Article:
#   ®   ®   of Wines- L'quors and Cigars at th. V'
@   ®   @   @   •»•■■     Lu*w   Stab,e   in   connection."..!
Hm Patronaff* 91 tke
to SoHeHed and
»W. H. WEBB.f
Practical Wagon and Carriage Builder,
mjr,      -      .      33. o.
Repairing of all kinds promptly and neatly executed
. Carriage Painting, a specialty.
: J. H. TYRRELL, Proprietor.
$3.00 per month.   .Single Horses, delivered in Midway, $5.00
per month.   Two or more, delivered in Midway,
each $4.00 per month.
Pack and Saddle Horses for Sole or Hire
If you have lost a Horse send me the brand, and if it is
in the country it will be found.
The Boundary Hotel
...JWDWAY, B. C...
Strictly First-class Throughout, Excellent Accommodation.
Carrying His Jlajesty's flails
Will leave MIDWAV on Tuesdays, Thurs
days and Saturdays, at 8.30 a. m., arriving ti
CAMP McKINNEY at 5 p. m.
Returning will leave CAMP McKINNEY 0.
Sundays, Wednesdays and Fridays at 9 a. m
reaching MIDWAY at 1.30 p. m.,and making cor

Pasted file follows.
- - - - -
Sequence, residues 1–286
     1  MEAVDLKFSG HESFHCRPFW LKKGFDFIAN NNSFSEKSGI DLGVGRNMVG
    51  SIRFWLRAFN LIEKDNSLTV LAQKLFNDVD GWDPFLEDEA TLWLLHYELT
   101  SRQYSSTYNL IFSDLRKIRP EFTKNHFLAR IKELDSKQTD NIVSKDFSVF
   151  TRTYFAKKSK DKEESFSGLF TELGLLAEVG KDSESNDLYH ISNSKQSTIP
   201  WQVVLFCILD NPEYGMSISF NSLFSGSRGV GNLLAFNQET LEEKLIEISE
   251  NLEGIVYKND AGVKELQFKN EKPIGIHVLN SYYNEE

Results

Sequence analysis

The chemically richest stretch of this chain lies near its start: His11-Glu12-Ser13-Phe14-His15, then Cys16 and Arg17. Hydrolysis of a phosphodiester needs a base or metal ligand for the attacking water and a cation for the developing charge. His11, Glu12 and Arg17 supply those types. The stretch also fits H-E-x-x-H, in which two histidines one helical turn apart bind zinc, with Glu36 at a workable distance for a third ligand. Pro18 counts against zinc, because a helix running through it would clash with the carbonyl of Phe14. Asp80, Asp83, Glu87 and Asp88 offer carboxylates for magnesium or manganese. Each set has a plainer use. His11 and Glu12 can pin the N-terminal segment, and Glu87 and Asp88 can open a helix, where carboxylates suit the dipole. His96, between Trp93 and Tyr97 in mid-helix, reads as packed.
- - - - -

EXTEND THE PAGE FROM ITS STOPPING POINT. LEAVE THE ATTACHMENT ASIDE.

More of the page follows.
nection with the train going east at 2 o'clock.
E8TABI.IUHKD   18*43.
Our  Specialties—Varieties Profitable in British Coluu
Trees Free from Pests.
Send for Free Catalogue.   |   E. HuTCiifcRsoN, Manager
Lancashire House,
known and comfortable hotel invites the
patronage of all old customers and the public
FuraMe-heated and comfortably
farnlthed room*.
Thos. D. Banbury, Proprietor.
Large Sample Room fop Coronal Men.
THOS. McAULEY,   -      Proprietor.
The Riverside Hotel
Is situated at Rock Creek, B. C, on the main
route of travel between Penticton and all Boundary Creek points.
Good Hunting.        Qood Fishing.
Best of Accommodation.
S. T. LARSEN, Proprietor.
The Pioneer Newspaper of the
Boundary District-only
$2.00 per year.
Is prepared to
fill all orders
for Job Priming at lows-
rates consistent with good
"""z~x -~tt'  Zizszy—z-:. rim, of Myers creek, is in
' Sidley, wm in town one
Ir**. I. H. Hallett, of Oreen
■in Midway to-day.
McOully bas n-turned
; visit to friend, at Nakusp.
I, C. P. R. auditoi. was in
I week, auditing tbe books
} C. P. R. office.
, Boone has returned from
iC., where she has been vis*
..tighter, Mrs. H. L. Sawyer.
ergin.ni and.Dan Mi Clung
t Saturday from doiug an
I on Ihe tti eat Hesper claim,
i camp.
f Snowden Bros, hare a con-
extend  tbe  tunnel   on  the
his property is situate on the
nve Midway.
jbie McLaren, of Carson, ar*
iliilway nn Saturday's train
I spend a few days with her
, James McNicol.
Mcleod,  district  lineman
nluiuhia Telephone Co., is in
loilay repairing the line l-e-
and Lequime k Powers'
ck with and Claude Gideon are